Sea Hurrican Mk. Ib
The Fleet Air Arm drew from the backbone of the Royal Air Force to flesh out their ship-born fighter contingent, adding an arrestor hook and catapult spools to the venerable Hawker Hurricane to convert it into a naval fighter.
Arma Hobby are building a reputation for some great kits, especially in the underserved 1/72 scale. They have a growing line of Hurricanes among their recent releases, and the Sea Hurricane is a very welcome addition.
The box and instructions include colored art for 5 different aircraft, accompanied by nicely printed decals that performed well. Care must be taken to determine which aircraft you want to build, and then run through the instructions and mark which parts and markings are to be included on selected version.
The Arma Hobby styrene has a nice feel – not as soft as Airfix, and not hard or brittle. It was a pleasure to handle and responded well to filing and sanding clean-up.
The conversion to a Sea Hurricane is straight forward. The 3D printed parts need to be carefully extracted from the print block and cleaned up. Fair warning – several of these parts are miniscule and must be handled with care, or the carpet monster will lay claim to them! The tail hook assembly is a large plug for the bottom of the fuselage, once you have cut out the section of each fuselage half. This is accomplished easily, as the main cut is made along a panel line. Once the fuselage halves are matched, a little bit of test fitting and filing clean up creates a tight fit.
Be careful of the flame dampers (if that’s what they are) – they have a bevel to the edge that meets the fuselage, and they only fit on the side for which they are made.
The remaining 3D parts fit well once cleaned up, other than I felt the rear-view mirror was a bit oversize, so I carefully filed it down until I thought it looked right.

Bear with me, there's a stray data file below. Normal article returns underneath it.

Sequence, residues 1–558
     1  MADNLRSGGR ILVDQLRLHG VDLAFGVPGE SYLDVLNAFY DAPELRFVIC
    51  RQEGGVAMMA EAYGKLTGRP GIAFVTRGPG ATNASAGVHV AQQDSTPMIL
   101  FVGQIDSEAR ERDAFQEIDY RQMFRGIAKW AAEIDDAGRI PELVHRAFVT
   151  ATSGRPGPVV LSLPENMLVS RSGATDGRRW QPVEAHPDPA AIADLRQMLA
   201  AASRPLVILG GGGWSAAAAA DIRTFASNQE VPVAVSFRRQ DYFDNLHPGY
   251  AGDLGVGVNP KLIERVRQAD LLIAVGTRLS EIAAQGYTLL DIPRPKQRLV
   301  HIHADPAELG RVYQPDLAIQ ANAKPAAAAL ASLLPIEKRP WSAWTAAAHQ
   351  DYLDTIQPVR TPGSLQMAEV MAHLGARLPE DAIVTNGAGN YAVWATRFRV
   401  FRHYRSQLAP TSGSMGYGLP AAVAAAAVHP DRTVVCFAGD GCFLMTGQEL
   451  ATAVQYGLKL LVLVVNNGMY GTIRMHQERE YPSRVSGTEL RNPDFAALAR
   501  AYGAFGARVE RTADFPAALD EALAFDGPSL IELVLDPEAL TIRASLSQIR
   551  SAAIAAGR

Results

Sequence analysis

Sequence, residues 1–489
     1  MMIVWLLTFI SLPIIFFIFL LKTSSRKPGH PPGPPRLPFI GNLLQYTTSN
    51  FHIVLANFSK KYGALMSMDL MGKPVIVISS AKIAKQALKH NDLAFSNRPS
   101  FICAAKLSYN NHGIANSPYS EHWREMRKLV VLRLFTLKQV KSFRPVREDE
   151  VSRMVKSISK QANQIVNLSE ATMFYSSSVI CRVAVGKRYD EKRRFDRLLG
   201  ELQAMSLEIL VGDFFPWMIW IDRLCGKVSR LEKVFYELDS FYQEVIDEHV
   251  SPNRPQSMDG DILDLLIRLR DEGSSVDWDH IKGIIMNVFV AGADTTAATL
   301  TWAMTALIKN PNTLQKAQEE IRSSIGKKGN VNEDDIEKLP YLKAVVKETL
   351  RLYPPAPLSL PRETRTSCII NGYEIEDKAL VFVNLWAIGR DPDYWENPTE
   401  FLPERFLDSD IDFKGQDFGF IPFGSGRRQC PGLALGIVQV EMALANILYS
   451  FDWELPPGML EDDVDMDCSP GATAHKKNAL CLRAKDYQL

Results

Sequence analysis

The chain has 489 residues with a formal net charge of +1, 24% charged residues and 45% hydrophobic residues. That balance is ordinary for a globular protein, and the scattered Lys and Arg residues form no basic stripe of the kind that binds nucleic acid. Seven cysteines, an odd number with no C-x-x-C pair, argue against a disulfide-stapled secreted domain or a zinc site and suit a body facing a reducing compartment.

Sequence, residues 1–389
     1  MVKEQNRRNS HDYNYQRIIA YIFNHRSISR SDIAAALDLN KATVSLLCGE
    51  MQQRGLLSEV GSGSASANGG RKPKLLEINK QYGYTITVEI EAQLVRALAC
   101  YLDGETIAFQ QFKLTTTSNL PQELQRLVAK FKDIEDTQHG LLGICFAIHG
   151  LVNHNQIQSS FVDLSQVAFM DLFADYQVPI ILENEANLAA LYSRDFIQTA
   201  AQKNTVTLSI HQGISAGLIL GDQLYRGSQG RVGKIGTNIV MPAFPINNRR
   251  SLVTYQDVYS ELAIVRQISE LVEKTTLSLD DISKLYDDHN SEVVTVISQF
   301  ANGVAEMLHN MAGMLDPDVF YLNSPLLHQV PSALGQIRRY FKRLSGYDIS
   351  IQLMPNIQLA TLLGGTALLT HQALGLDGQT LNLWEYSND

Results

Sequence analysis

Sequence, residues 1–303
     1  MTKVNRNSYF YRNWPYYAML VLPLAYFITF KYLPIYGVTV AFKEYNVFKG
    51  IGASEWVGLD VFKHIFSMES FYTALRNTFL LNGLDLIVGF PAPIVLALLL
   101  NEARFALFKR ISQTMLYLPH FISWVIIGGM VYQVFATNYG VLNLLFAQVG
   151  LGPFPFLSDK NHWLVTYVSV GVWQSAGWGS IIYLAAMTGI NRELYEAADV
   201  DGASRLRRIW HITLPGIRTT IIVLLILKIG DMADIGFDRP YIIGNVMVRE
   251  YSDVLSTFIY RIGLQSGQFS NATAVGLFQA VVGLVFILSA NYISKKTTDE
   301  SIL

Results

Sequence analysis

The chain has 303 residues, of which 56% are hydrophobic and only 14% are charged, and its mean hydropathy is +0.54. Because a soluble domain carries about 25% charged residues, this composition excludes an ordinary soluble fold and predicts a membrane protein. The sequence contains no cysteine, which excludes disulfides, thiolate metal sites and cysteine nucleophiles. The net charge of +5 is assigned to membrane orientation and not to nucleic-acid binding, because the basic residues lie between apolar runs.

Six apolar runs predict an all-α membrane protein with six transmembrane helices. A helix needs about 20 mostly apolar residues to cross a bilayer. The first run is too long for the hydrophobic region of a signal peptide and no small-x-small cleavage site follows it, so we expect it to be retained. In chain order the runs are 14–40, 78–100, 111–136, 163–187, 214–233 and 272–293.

The cockpit section contains the metal frame tubing, and this was the most arduous part of the build. It took some test fitting and making sure the parts were oriented correctly to get the frame together, and then nest it where it belonged. In the end, you don’t see much of it, especially if you close up the canopy and have a pilot in the seat. This was also the only area that created fit problems. When I tried to nestle the fuselage assembly to the wing section, it would not seat all the way down, and I had to snip off the bottom of the frame assembly on each side. This solved the problem, and you can’t see the missing parts anyway. This could mean I didn’t have the frame assembly exactly as it should be positioned on the cockpit, but I thought I had!
I did drill out the gun ports to make them more realistic, and I added rivets to the airframe. This is where I noticed one other issue – the plastic in a couple of places tended to flake or blister under the stress of the rivet wheel. I’d never experienced that with other manufacturers. In the end, once polished a bit, you can’t see any residual damage once painted and weathered.
Kudos to Arma Hobby for the design of their wing tip light lenses! They are pre-drilled, so you just need to add a tad of clear red and green paint to create the bulbs. You do have to file out the spot on the tip of the wing to seat the lenses, but this is a far cry from having to create light lenses from sprue!
Final touches – the kit comes with a set of masks for both canopies. Again – select the correct set of glass and matching mask, and you’re golden. Lay down some paint and your weathering of choice, and you have a beautiful little Sea Hurricane!
Thanks to Army Hobby for the review kit, and for extending the line of 1/72 offerings for us small-scale builders!